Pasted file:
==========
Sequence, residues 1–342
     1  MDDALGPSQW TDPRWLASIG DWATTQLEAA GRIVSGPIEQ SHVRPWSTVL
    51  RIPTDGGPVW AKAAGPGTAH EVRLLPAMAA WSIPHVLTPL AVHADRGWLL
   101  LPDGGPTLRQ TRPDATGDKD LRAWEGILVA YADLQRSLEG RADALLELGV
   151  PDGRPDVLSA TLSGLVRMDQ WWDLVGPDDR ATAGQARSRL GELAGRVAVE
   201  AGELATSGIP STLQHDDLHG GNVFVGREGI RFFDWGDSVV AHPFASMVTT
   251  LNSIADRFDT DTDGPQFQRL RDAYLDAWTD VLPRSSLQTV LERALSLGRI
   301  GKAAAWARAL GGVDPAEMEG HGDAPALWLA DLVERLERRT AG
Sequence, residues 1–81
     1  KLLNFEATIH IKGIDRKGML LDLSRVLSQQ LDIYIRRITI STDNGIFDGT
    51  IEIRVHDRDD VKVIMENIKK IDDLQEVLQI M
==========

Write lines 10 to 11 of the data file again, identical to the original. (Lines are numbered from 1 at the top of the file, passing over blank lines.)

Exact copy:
     1  KLLNFEATIH IKGIDRKGML LDLSRVLSQQ LDIYIRRITI STDNGIFDGT
    51  IEIRVHDRDD VKVIMENIKK IDDLQEVLQI M